structure have been altered. These seeds, once planted, create GMO crops.
These crops then produce seeds and the patter continues. It is very difficult to
truly tell if an organic seed has not been affected by GMO’s in anyway. This
cross breeding could completely wipe out the idea of organic and non GMO
crops very soon.
21. CASE STUDY ON SIKKIM
Sikkim is known to the fully organic state since 2016, its products are being sold in the
organic markets of the Sikkim and as well in the foreign country as the export. The life of
people is far better than the past life how they were living while cultivating the conventional
farming. Around the 50% increment in the number of tourist who visits the state, it is
indirectly improving the life of native people there. Initially farmers were having the fear of
adoption of organic farming to due various reasons like low yield, sensitive to plant disease,
insect sensitive and crop failure etc.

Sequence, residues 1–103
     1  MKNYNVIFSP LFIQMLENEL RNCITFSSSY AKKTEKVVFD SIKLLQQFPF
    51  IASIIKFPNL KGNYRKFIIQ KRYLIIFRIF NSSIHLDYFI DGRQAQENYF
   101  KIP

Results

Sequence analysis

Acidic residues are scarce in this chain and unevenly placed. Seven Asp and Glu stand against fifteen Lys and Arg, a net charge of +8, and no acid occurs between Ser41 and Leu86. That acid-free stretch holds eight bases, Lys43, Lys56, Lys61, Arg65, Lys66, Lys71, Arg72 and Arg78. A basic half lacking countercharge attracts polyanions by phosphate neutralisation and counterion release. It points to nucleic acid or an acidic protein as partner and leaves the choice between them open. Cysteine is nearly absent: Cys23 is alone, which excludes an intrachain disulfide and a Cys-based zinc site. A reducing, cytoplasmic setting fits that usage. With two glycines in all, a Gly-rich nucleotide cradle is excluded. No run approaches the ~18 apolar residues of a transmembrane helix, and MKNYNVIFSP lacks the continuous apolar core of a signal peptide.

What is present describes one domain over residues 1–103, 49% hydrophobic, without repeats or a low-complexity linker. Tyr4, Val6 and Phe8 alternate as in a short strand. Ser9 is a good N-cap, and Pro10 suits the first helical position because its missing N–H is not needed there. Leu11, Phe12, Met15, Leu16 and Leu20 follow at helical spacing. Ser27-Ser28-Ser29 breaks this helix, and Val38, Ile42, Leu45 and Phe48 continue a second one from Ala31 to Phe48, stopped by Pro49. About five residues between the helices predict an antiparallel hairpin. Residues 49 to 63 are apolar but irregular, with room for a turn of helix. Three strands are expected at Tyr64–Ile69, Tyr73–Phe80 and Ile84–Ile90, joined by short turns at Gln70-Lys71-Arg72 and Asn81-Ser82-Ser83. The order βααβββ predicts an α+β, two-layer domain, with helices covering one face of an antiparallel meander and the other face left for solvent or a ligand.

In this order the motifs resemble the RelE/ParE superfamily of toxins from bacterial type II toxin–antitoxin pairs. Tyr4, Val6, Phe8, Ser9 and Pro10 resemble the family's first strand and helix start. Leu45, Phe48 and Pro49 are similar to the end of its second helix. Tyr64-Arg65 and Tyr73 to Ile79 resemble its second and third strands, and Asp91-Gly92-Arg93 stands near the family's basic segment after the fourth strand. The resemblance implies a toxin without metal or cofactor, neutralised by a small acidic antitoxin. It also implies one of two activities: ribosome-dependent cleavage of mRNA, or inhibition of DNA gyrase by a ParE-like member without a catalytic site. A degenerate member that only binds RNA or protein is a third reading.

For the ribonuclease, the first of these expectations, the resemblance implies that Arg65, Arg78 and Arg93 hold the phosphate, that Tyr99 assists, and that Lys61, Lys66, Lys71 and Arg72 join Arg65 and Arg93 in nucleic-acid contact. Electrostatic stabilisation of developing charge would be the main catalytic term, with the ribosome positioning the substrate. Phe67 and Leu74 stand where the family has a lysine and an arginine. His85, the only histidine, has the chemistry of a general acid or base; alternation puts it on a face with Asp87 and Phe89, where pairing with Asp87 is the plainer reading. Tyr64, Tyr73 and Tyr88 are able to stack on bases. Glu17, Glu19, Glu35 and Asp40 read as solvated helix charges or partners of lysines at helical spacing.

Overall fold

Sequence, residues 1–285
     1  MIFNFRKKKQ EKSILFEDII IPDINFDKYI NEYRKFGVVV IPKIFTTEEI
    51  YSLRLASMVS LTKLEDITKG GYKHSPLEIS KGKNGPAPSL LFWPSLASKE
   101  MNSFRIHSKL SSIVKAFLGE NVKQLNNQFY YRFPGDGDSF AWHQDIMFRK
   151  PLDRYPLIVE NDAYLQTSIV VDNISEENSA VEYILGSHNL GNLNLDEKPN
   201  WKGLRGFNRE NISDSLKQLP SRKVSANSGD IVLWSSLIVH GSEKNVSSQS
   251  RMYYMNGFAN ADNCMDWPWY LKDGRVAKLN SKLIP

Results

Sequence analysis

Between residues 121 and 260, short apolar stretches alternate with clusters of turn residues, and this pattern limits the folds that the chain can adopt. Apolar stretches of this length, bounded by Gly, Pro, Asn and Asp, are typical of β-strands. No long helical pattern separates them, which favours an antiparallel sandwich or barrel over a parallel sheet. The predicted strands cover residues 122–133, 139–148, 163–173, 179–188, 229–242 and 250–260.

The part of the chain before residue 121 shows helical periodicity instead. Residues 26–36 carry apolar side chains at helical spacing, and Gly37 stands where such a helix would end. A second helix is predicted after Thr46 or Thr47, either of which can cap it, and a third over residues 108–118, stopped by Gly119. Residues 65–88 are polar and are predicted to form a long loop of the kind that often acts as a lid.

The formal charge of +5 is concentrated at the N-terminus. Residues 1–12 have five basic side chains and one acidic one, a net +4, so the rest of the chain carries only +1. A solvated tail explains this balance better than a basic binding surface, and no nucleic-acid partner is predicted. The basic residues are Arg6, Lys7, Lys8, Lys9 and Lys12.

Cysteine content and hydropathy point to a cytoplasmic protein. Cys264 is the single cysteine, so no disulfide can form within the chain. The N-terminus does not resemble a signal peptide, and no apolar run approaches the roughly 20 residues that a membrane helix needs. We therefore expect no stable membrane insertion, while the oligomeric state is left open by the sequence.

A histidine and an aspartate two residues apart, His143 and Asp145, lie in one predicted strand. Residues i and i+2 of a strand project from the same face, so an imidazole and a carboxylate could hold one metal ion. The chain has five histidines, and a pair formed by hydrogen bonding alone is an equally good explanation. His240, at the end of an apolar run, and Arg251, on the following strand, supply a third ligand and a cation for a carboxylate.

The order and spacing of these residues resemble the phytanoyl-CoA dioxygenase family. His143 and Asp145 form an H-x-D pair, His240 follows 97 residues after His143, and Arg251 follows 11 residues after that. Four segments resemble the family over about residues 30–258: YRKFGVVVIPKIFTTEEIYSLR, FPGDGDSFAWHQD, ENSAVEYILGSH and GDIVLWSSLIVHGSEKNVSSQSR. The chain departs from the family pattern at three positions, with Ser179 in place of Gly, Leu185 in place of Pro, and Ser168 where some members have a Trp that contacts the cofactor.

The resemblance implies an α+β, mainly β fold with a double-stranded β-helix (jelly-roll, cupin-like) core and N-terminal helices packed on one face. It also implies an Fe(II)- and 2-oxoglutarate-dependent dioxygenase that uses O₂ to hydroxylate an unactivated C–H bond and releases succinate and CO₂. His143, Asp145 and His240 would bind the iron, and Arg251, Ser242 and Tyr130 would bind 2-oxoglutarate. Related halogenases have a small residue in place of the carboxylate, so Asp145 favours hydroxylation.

JOURNEY OF ORGANIC FARMING IN SIKKIM
From the 2003, the revolution had started with target of achieving the fully organic
state as soon as possible. So the Government official went to the farmers through the
extension workers to spread the organic farming knowledge and target achievement by the
state. Farmers were asked to join the training by the scientists and also sent outside the state
to adopt the much better skill from that other states and country. In 2010, the Sikkim organic
mission started to increase the pace of organic farming in state. In the 2016 the state could
achieve the 100% organic state.
ACROSS THE FINISH LINE
The process of converting Sikkim into a 100 per cent organic state was fast-tracked
in 2010 with the launch of the Sikkim Organic Mission